By Train – You can’t travel by train in Nepal. There is a train that goes from India to the border but it’s only reserved from native Indians.

While your in Nepal you get around using the several Rickshaw, Taxis, or by Foot. Of course if you’re traveling in the mountains you can get there by plane but after that you are going to need to walk.

Breakdown of Costs

(back to the top)

Hotels – Hotels are relatively cheap in Nepal but if you have a big budget there is always home to splurge. If you’re in Kathmandu you can get a decent hotel in Thamel for 10 dollars to 20 dollars a day. Very Cheap! Now of course you can always stay in a nicer hotel. Whatever your budget allows there will be something in Nepal for you. If you’re in the mountains getting lodging is not difficult but will be slightly more expensive. While you’re walking along you will see several guest house. Just pop in and see if there is any availability their.

Food – Food will not cost you that much at all either. Of course you can always splurge but there won’t be that many options to do so. If you’re in the city of Kathmandu then there are several traditional Nepalese places as well as not so traditional. The national meal of Nepal is daal bhaat tarkaari. Traditional Nepalese food has a lot of plants, spices, veggies, greens, and rice. If you’re hiking in the mountains you can get traditional mountain food, American, German, or other European type of food. Tibetan food is also common in the mountains as Tibet is very close by. This will cost you a little more than in cities like Kathmandu and the further you go up the mountain the more costly the food will be.

Other Activities – Tea is very common in Nepal and it is very yummy. Remember that the water is not always the best in Nepal so make sure it is at least boiled before you drink any of the water (I may have gotten sick by drinking the mint tea… water in Nepal is never to be drank from the tap… only bottle water). Nepal is very cheap on the whole so getting tickets to go see the royal palace or other activities is not expensive. If you’re in Kathmandu than you are experiencing the culture of Nepal. Go to the temples and just enjoy Hinduism and Buddhism culture. If you’re in the mountains be prepared to hike for most of your days. Good walking shoes are a must. If you’re brave enough you can also watch a tradition Hindu burial in Kathmandu (it’s where they burn a body in the river).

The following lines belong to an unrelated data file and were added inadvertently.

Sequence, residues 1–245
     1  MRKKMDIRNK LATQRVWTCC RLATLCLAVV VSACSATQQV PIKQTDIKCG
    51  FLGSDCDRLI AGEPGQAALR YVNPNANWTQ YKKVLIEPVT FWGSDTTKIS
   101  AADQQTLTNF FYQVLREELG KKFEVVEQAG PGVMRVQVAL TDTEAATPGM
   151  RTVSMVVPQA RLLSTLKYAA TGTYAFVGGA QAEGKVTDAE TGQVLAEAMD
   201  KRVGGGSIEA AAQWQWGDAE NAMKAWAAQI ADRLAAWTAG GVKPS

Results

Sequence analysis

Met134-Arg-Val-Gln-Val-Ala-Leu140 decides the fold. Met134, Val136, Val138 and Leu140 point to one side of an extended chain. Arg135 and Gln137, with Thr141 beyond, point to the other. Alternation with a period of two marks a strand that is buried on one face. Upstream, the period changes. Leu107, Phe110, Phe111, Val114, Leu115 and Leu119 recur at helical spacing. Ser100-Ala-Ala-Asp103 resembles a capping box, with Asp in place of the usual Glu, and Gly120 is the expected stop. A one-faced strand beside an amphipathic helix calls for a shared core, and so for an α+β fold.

Nepalese People

(back to the top)

Nepalese are generally nice people but because they know you’re from the United States they will take advantage of you. There was numerous times where I got ripped like in a taxi cab. A taxi ride should never cost you anymore than 5 US dollars to anywhere you want to go. They will insist that this is jut not true but you can bargain any price. Be prepared to bargain… that is just a give. Other than that most Nepalese speak English thanks to tourism. They will be helpful to you but don’t get into a situation where you will soon regret it (just watch your belongings at all times).

Nepalese Language

(back to the top)

Nepali Nepalese नेपाली is the native language of Nepal. Unless you come from Nepal or know someone from Nepal then most likely you will have no idea on how to speak Nepali. It doesn’t really matter anyways. Most Nepali speak English or least have a somewhat understanding. What is cool is the script of Nepali. You will see it everywhere and on rocks in the mountains. You will have no idea what they mean but they are a cool part of the journey (because of the paintings and drawing associated with the script).

Definitely Do’s and Don’ts

(back to the top)

Do travel to the Himalayas or at least get one glance at them… it will be totally worth it.